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Suffield National Wildlife Area – Conservation Makes Economic Sense

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As shale gas discoveries greatly expand already abundant reserves of natural gas, the economics of EnCana‟s application to drill an additional 1,275 gas wells within Suffield National Wildlife Area are becoming ever more questionable.

Calgary (March 12, 2010) – As shale gas discoveries greatly expand already abundant reserves of natural gas, the economics of EnCana‟s application to drill an additional 1,275 gas wells within Suffield National Wildlife Area are becoming ever more questionable. The Suffield Coalition has long argued that it would be economically imprudent and not in the public interest to approve EnCana‟s application. In June, EnCana announced it was shutting in gas wells because of low demand and prices, so the time may be just right for EnCana to abandon further drilling within Suffield National Wildlife Area.

In North America, proven reserves of natural gas have increased substantially in the past two years. A 2009 study from the National Energy Board predicts increases in unconventional gas supply will near 55% by 2020, and U.S. natural gas reserve estimates have increased by 27% since 2004. Estimates of technically recoverable natural gas (including undiscovered reserves) have increased even more dramatically. The enormous potential for shale gas has contributed to a significant decline in the price of natural gas in the past year and the Energy Information Agency predicts that the price of gas will remain way under the July 2008 peak until 2030.

EnCana‟s arguments in their 2007 Environmental Impact Statement implied that if they don‟t drill in the Suffield National Wildlife Area, the gas that isn‟t produced from the National Wildlife Area will probably have to come from landscapes with equal environmental sensitivity. “Even if we agreed –and we don‟t– that the proposed drilling would recover significant additional gas, rather than serve primarily to speed up recovery, this was highly implausible then and is even more so since the shale gas discoveries,” says Carla Sbert of Nature Canada. “Our need for natural gas is not so great and the supply so limited that we have no alternative but to invade national or international ecological reserves to obtain it.”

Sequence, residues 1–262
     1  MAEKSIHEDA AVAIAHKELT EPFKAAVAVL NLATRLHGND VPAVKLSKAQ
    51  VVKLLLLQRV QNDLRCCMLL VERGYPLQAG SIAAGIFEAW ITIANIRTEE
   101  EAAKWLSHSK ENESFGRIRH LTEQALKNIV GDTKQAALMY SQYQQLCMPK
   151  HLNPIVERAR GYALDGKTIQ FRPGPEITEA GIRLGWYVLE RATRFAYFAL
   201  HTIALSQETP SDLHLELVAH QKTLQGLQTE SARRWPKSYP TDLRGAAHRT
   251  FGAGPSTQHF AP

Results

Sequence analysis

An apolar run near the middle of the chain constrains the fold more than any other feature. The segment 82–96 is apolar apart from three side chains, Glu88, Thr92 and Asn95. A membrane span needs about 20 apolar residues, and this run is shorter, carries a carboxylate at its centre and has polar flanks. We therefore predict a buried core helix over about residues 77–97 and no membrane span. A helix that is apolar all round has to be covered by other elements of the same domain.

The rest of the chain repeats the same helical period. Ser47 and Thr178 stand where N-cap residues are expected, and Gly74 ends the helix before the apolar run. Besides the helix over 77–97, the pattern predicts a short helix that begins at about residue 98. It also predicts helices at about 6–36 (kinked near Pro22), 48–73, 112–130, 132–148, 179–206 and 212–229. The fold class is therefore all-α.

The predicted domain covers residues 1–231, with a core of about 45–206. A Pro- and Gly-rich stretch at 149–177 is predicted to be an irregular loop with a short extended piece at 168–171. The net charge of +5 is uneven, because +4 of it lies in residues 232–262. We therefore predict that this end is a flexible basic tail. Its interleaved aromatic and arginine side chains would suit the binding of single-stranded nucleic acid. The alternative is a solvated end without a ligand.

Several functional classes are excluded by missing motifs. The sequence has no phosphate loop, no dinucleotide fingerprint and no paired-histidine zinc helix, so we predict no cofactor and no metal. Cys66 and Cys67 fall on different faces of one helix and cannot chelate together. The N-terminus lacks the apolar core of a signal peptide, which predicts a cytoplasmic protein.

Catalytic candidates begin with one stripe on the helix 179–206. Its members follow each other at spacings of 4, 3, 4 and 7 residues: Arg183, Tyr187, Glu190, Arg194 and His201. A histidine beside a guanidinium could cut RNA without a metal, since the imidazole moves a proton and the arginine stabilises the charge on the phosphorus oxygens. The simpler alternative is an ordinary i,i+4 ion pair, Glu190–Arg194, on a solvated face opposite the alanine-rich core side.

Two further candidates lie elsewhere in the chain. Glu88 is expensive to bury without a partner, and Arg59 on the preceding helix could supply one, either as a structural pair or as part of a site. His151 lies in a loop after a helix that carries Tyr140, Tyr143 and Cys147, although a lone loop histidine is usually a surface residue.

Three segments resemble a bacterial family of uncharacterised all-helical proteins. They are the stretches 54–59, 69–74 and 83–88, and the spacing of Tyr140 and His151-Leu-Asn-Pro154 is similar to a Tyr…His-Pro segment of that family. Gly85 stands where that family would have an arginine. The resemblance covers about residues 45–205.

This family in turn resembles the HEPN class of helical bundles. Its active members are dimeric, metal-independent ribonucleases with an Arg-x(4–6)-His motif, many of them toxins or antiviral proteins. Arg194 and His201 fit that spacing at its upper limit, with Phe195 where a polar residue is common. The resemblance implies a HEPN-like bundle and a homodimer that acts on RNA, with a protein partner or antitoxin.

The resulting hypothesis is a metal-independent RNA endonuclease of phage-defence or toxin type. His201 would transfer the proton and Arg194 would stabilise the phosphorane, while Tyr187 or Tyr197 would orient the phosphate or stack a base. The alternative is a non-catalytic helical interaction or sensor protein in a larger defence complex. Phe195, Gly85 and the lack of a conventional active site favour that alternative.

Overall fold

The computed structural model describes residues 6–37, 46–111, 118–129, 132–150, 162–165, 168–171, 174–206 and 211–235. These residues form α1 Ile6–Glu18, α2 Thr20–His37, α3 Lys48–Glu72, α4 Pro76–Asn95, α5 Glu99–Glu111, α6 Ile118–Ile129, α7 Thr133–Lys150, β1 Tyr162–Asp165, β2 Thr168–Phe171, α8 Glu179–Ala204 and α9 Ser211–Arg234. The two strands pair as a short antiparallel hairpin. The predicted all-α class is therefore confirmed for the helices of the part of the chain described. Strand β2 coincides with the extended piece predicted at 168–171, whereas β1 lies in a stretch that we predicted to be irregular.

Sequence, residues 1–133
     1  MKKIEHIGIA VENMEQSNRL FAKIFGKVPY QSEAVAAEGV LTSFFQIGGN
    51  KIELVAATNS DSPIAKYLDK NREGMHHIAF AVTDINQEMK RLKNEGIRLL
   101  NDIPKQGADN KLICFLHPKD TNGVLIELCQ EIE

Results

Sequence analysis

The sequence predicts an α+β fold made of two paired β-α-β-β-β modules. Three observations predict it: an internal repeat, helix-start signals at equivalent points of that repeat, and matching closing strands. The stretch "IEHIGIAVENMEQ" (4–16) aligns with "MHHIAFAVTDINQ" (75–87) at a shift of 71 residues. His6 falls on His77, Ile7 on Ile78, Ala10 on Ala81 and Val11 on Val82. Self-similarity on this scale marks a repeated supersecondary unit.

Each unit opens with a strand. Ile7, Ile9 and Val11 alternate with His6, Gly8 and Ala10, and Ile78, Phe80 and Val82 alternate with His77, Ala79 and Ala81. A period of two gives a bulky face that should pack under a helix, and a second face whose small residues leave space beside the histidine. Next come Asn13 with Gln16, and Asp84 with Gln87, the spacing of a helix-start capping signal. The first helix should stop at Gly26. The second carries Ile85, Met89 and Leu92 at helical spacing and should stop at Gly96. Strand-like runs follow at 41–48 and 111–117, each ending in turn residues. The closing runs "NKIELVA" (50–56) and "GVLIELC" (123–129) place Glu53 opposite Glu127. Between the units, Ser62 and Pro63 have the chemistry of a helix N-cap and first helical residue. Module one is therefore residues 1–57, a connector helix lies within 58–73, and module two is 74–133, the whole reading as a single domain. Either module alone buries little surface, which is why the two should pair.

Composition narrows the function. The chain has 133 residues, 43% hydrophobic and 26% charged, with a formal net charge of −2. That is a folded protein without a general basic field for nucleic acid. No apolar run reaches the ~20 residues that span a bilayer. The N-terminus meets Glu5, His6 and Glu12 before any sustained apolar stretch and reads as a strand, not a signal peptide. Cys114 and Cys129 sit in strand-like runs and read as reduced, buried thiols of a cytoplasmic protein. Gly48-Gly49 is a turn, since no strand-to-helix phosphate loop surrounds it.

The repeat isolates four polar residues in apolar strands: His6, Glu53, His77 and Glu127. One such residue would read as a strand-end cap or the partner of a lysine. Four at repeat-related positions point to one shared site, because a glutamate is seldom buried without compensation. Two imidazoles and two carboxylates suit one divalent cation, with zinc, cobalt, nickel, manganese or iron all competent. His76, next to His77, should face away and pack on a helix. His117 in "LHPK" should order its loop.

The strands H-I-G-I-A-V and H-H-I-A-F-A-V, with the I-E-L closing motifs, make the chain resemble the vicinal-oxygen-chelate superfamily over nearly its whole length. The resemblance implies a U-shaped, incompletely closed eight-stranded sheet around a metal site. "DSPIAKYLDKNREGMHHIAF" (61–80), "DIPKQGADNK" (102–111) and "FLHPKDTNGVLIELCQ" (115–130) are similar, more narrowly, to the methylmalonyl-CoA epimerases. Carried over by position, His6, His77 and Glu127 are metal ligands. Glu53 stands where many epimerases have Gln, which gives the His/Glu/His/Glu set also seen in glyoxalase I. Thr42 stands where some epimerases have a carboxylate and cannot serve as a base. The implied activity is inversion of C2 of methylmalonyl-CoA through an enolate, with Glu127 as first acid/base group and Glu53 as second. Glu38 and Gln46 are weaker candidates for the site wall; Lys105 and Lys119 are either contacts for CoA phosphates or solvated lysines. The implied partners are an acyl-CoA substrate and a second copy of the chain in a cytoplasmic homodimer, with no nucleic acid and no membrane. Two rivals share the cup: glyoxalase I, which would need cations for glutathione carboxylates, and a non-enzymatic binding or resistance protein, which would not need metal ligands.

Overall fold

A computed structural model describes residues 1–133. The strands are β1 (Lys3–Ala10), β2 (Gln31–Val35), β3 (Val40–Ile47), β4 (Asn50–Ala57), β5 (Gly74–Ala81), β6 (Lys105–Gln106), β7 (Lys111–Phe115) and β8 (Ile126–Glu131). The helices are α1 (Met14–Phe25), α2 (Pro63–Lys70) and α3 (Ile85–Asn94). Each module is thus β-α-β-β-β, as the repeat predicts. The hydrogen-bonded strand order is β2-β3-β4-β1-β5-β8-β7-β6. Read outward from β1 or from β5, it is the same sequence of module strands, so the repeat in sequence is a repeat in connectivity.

The ecological goods and services provided by Suffield National Wildlife Area –like clean air, fresh water, pollination and biodiversity–are more valuable to Canadians than the gas EnCana wishes to speedily extract to the area‟s detriment. “We all rely on these ecological goods and services for life itself,” said Sandra Foss of Federation of Alberta Naturalists, “but they are still generally not considered part of the cost of doing business and are external to markets; we tend to take them for granted because they are part of „the commons‟. However, in the end we, the people of Canada, will all pay for their loss.”

In the case of Suffield–whose native prairie ecosystem is representative of one of the most threatened natural systems on the continent–there is little doubt that the goods and services provided by the region will be compromised if EnCana‟s project is approved. Natural grasslands, for example, are important for their carbon storage capacity and modifying those grasslands can be a significant source of carbon emissions. Native prairie landscapes are also important for pollination, genetic resources and have criticalecosystem and watershed values, particularly in the case of the Suffield National Wildlife Area, whose eastern boundary is one of Alberta‟s major rivers.

Specific externalities paid for by taxpayers include long-term liability for abandoned wells, negative wildlife impacts, improper reclamation of disturbed areas, proliferation of invasive plants, air pollution, and a general degradation of ecosystem integrity.

There are many alternatives to the Suffield National Wildlife Area‟s natural gas that EnCana hopes to extract, including increased efficiency of use, but the biodiversity of the National Wildlife Area has no substitute, and natural carbon and watershed services are becoming ever rarer in Alberta‟s overdeveloped landscape. “The National Wildlife Area‟s value to Canadians as a wildlife and ecosystem refuge far exceeds the value of the gas,” says Alberta Wilderness Association‟s Cliff Wallis. “As we continue to await a decision by the Government of Canada to deny approval to the project, we hope EnCana is coming to realize that it is economically irrational to degrade a unique and valuable asset in pursuit of a commodity that is common and plentiful.”

For more information:

Cliff Wallis, Alberta Wilderness Association: 403-607-1970

Sandra Foss, Federation of Alberta Naturalists: 403-932-2947,

Carla Sbert, Nature Canada: 1-800-267-4088 ext. 222,

The Suffield Coalition comprises seven groups: Alberta Wilderness Association, Federation of Alberta Naturalists, World Wildlife Fund Canada, Nature Saskatchewan, Southern Alberta Group for the Environment, Grasslands Naturalists, and Nature Canada.

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